Reward-Based Spatial Learning in Unmedicated Adults With Obsessive-Compulsive Disorder
The authors assessed the functioning of mesolimbic and striatal areas involved in reward-based spatial learning in unmedicated adults with obsessive-compulsive disorder (OCD).
Functional MRI blood-oxygen-level-dependent response was compared in 33 unmedicated adults with OCD and 33 healthy, age-matched comparison subjects during a reward-based learning task that required learning to use extramaze cues to navigate a virtual eight-arm radial maze to find hidden rewards. The groups were compared in their patterns of brain activation associated with reward-based spatial learning versus a control condition in which rewards were unexpected because they were allotted pseudorandomly to experimentally prevent learning.
Both groups learned to navigate the maze to find hidden rewards, but group differences in neural activity during navigation and reward processing were detected in mesolimbic and striatal areas. During navigation, the OCD group, unlike the healthy comparison group, exhibited activation in the left posterior hippocampus. Unlike healthy subjects, participants in the OCD group did not show activation in the left ventral putamen and amygdala when anticipating rewards or in the left hippocampus, amygdala, and ventral putamen when receiving unexpected rewards (control condition). Signal in these regions decreased relative to baseline during unexpected reward receipt among those in the OCD group, and the degree of activation was inversely associated with doubt/checking symptoms.
Participants in the OCD group displayed abnormal recruitment of mesolimbic and ventral striatal circuitry during reward-based spatial learning. Whereas healthy comparison subjects exhibited activation in this circuitry in response to the violation of reward expectations, unmedicated OCD participants did not and instead over-relied on the posterior hippocampus during learning. Thus, dopaminergic innervation of reward circuitry may be altered, and future study of anterior/posterior hippocampal dysfunction in OCD is warranted.
Functional abnormalities in fronto-striatal circuits underlie inhibitory control deficits and cognitive inflexibility in obsessive-compulsive disorder (OCD) (1), while dysfunction in mesolimbic regions (e.g., the hippocampus and amygdala) underlies fear expression in patients with the disorder (2). Together with ventral fronto-striatal regions (e.g., the orbitofrontal cortex and ventral striatum), these mesolimbic regions comprise a reward-processing system (3) that allows us to anticipate, respond to, and learn from reward outcomes in quotidian life. Whereas the ventral/anterior hippocampus is intrinsically connected to the ventral striatum (4), processes reward-related information, and is preferentially involved in anxiety (5), the dorsal/posterior hippocampus preferentially processes spatial information (6). Using an ecologically valid task of reward-based spatial learning adapted from animal research, we sought to identify functional impairments in mesolimbic and ventral striatal circuitry that may contribute to OCD behaviors.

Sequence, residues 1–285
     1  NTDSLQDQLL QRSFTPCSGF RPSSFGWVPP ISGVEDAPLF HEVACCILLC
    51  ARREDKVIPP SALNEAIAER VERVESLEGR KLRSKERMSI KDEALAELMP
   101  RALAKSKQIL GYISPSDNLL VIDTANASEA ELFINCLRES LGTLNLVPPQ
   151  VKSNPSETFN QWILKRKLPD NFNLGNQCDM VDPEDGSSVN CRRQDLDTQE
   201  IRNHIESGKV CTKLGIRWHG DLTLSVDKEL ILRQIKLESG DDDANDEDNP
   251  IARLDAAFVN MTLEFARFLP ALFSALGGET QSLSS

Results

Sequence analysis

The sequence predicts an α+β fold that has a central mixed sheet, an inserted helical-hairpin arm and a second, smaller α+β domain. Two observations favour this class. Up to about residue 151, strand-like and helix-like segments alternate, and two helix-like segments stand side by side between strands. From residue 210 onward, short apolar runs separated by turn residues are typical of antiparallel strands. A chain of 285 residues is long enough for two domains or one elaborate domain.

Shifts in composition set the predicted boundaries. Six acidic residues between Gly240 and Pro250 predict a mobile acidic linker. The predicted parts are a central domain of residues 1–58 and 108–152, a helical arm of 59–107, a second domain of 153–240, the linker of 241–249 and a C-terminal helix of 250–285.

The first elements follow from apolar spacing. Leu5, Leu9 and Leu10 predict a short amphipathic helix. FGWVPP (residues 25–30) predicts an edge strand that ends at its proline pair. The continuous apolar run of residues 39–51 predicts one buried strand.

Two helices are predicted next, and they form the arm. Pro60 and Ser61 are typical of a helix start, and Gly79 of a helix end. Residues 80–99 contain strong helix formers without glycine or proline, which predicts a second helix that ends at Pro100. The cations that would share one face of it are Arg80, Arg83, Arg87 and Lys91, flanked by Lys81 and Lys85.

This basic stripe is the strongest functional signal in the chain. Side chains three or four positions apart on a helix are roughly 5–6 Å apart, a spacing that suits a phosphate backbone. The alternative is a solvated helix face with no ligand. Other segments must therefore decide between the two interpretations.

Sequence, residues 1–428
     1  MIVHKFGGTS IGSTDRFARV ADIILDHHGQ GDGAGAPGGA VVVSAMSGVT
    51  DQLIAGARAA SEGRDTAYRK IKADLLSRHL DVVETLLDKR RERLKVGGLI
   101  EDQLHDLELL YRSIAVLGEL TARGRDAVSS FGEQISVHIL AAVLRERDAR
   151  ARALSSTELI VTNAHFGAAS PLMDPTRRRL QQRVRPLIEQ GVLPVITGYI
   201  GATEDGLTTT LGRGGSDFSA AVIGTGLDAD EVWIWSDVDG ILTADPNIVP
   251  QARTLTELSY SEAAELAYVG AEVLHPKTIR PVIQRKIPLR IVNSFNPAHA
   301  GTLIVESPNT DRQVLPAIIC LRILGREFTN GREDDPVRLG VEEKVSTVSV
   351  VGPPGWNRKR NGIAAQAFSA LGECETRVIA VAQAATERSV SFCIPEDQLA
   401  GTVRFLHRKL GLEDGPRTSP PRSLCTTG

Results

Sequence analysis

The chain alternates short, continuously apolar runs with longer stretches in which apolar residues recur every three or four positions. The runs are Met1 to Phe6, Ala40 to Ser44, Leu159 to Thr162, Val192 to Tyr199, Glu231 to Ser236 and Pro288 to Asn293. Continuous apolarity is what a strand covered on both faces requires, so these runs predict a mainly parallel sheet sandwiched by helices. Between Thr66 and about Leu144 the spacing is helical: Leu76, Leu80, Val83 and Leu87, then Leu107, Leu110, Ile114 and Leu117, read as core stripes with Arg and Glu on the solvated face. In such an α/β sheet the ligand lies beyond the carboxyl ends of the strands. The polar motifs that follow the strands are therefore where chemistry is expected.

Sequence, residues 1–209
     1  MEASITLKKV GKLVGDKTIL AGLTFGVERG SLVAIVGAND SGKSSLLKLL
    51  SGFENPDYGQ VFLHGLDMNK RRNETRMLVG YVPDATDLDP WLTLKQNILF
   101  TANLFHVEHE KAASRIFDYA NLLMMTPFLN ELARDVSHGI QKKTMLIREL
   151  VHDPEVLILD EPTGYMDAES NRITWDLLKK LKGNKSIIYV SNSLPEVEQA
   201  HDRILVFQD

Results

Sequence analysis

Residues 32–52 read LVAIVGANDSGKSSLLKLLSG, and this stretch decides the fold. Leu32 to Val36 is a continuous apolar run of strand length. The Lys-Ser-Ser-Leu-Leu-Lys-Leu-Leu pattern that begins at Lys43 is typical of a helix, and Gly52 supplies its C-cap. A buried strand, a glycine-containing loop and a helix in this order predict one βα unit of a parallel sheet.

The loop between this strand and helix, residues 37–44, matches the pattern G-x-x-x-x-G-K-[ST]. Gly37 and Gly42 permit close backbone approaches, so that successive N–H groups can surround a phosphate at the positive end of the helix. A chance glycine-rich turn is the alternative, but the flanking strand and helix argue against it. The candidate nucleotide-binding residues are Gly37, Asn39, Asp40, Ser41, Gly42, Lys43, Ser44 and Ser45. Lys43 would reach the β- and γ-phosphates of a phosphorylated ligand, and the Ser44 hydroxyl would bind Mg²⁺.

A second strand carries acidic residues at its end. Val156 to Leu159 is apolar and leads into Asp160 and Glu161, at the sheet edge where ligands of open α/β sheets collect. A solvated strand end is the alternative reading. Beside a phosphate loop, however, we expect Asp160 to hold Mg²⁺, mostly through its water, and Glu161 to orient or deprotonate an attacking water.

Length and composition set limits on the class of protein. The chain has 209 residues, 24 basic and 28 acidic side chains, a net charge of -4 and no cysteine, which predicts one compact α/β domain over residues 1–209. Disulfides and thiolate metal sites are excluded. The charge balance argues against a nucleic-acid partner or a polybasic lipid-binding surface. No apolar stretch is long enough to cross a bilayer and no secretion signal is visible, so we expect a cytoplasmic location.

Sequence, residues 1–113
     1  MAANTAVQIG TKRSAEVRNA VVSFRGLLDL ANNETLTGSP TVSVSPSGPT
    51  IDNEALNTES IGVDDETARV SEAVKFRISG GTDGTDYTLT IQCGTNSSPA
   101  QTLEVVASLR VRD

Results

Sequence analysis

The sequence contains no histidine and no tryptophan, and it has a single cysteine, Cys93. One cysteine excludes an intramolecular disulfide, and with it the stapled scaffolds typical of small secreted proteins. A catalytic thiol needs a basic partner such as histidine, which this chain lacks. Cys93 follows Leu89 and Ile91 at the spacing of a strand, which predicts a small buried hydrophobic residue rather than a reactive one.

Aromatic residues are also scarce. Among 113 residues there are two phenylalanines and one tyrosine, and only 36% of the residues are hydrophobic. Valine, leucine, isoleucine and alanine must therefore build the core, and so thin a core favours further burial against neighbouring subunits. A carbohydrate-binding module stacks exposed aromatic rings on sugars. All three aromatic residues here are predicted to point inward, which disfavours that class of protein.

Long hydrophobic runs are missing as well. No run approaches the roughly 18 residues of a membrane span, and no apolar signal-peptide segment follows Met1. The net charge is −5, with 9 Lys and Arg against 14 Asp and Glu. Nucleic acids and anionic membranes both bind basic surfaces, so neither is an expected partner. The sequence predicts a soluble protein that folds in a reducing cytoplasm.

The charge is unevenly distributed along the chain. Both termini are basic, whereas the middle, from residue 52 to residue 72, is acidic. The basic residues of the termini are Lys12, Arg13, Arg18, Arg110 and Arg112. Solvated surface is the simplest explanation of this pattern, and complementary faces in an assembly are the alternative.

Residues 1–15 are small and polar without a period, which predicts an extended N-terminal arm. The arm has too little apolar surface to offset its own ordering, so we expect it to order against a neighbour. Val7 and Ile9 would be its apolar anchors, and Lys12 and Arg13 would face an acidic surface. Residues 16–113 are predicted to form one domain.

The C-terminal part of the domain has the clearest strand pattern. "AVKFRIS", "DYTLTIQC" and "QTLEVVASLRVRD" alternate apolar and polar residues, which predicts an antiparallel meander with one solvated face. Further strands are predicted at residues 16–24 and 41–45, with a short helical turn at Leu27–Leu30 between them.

OCD patients perform poorly on tasks that require adjusting responses based on changing reward feedback (7), consistent with findings of aberrant processing of reward in the orbital frontal cortex and ventral striatum during reversal learning (8) and reward anticipation (9). Visuospatial impairment has also been described (10, 11), but the neural correlates of spatial learning have not been assessed in OCD. Together with anatomical findings of reduced gray matter in corticolimbic areas (12) involved in reward expectancy (13) and of smaller amygdala and hippocampal volumes in patients with refractory OCD, when compared with a comparison group (14), these data suggest that OCD patients have functional and structural abnormalities in the brain regions that support reward-based spatial learning.
Spatial learning is often assessed in rodents by having them navigate an eight-arm radial maze (15). We adapted this paradigm to a virtual reality environment for use with functional MRI (fMRI) (16). Both the animal and human tasks require learning to use extramaze cues to navigate and find hidden rewards. Healthy individuals activate temporoparietal areas when searching the maze, as occurs with other spatial navigation tasks (17–20). Importantly, our task includes a control condition in which the use of spatial cues to find hidden rewards (i.e., spatial learning) is experimentally disabled, allowing us to assess the neural correlates of reward processing in the absence of spatial learning and disentangle the neural correlates of reward processing and learning. Healthy individuals activate the hippocampus and amygdala when receiving unpredicted rewards in the control condition compared with the learning condition, a finding that we speculated could be attributed to enhanced dopaminergic firing from ventral tegmental areas to the ventral striatum and these mesolimbic areas in response to unpredicted rewards (21).